Today all of our clients demand the best in class and at a price that’s competitive. The combined resources of Publicis and Omnicom will create more synergies, cost savings and a larger talent pool of professionals that will be difficult to duplicate. At this early date, I feel that it's an exciting time to be in the business of advertising/marketing if you are working for and with Omnicom and Publicis. Just like sports, in business you need the very best talent in order to win. Our game has just got much better." 

Rachel Thexton, Partner, Dunn PR 
"Public relations teams are focusing increasingly on rich content creation and hyper-local communications strategies that allow the consumer to spread the message and wave the flag for a brand. With a merger of this size, clients will have a wealth of talent and resources available to them but my concern is the potential for a lack of understanding of local markets and the focus needed to successfully communicate with innovative and tailored strategies. Smaller shops in a local market focus almost solely on servicing their communities and tend to have a rich understanding of the culture and what it takes to reach them." 

Jordan Eshpeter, Busines Development and Marketing Lead, Domain 7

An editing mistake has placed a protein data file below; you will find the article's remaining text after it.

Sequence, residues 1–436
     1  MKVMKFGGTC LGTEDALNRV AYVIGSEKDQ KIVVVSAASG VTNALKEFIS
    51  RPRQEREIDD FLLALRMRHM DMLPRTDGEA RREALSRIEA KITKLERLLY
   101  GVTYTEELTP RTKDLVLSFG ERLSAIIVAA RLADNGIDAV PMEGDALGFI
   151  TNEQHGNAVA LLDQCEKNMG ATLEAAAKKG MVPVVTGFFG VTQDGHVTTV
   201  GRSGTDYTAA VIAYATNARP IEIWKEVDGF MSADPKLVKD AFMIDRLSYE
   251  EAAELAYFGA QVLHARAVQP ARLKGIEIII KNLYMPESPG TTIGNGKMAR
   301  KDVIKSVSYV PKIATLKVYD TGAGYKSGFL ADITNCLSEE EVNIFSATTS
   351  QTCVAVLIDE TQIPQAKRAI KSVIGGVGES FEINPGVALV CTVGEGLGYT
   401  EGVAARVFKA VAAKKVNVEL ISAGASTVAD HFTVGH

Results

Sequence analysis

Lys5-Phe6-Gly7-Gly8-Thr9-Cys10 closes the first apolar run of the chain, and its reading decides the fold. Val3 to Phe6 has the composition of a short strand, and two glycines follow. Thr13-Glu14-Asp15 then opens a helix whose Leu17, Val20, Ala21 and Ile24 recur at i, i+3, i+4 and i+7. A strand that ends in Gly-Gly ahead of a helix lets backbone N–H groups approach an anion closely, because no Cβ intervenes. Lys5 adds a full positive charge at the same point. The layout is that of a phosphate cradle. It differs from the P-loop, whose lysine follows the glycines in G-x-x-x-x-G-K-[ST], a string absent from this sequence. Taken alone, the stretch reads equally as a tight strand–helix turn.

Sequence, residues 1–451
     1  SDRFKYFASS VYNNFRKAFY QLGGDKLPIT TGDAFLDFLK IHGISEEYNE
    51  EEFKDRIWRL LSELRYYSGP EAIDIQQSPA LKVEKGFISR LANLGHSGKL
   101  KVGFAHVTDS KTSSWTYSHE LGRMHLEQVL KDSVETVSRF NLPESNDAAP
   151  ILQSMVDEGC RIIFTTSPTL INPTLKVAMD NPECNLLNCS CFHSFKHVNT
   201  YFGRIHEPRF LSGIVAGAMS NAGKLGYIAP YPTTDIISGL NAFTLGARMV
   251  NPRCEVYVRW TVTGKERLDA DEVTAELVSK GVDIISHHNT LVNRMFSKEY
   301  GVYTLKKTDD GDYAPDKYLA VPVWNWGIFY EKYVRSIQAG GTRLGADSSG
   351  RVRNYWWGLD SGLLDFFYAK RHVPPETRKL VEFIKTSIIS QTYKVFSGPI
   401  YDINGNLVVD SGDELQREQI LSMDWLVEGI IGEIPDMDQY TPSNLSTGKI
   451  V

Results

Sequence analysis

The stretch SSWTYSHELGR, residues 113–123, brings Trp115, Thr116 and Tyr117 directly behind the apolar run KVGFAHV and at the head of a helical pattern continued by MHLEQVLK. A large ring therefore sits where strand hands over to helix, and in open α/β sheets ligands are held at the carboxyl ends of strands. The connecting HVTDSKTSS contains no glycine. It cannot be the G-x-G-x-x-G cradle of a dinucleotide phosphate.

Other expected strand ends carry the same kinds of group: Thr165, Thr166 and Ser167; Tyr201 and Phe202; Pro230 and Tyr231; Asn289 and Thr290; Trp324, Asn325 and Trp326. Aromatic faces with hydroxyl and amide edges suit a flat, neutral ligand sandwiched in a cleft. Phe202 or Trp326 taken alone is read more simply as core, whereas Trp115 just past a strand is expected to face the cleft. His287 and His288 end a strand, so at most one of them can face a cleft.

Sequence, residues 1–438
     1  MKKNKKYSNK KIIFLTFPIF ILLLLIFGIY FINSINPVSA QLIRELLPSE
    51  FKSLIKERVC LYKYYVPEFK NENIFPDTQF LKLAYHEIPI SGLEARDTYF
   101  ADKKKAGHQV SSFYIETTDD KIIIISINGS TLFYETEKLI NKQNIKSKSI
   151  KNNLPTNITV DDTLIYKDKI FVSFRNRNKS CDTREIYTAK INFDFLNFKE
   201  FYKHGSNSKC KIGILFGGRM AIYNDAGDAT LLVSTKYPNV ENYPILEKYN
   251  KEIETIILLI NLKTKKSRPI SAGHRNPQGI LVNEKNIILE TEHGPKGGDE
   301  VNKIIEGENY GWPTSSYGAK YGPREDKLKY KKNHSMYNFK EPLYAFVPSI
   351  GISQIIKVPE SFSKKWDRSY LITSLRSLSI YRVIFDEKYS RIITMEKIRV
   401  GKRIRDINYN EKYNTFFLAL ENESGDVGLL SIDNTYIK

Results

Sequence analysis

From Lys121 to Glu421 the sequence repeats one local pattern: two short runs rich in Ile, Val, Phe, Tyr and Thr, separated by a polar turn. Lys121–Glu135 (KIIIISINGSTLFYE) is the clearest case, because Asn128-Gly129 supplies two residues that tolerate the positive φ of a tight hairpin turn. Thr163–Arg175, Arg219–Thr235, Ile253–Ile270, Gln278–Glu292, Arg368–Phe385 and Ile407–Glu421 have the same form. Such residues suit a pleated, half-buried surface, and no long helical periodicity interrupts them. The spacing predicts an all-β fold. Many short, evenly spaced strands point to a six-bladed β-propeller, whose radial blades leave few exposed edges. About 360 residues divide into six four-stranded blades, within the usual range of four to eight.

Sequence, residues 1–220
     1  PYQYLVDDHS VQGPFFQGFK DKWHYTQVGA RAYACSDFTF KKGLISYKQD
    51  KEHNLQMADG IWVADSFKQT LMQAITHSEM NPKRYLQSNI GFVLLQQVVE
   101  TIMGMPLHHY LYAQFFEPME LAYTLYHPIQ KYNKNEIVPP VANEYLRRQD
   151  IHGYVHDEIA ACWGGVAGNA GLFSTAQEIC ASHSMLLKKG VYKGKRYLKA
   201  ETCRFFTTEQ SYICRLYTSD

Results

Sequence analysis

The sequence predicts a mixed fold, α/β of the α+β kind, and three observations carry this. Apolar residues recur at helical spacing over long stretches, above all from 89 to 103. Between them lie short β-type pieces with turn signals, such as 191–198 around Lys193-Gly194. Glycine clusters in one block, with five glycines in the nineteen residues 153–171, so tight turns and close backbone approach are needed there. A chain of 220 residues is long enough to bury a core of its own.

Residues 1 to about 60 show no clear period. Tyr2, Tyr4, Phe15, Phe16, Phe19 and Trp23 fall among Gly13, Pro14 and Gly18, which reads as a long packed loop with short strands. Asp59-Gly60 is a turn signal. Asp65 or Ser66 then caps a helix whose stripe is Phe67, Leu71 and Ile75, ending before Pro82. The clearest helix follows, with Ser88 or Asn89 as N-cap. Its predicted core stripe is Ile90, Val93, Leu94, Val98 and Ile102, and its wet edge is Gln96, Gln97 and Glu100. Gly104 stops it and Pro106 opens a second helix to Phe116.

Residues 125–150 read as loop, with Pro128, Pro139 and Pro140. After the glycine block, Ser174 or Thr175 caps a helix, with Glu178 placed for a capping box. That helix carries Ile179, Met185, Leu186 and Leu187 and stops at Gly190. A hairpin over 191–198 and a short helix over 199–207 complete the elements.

“The merger brings together two agencies certain they're acting in the best interest of their clients. Their new-found scale boosts purchasing power. Their "bigger data" targets display ads more smartly. But, what's missing? The customer. In everything I've read, the customer wasn't mentioned once. Does this conglomerate mean more delightful customer experiences, beautiful and entertaining content or innovative and helpful tools? These are what advertising is becoming. Omnicon and Publicis may now be the world's largest advertising agency, but to keep pace with Google, Facebook and whoever's next, they'll need to serve customers, not clients.”

Gregory Hegger, Director, brand.LIVE
“There’s a great deal of talk regarding client conflicts. I don’t foresee clients running for the hills due to conflict issues. Apple and Blackberry currently sit happily under Publicis’ network of companies, while Samsung and Sony both currently deal with Omnicom. Similarly, DDB Vancouver has long managed Subaru and Volkswagen accounts. Clients have been used to holding companies with a wide network of clients.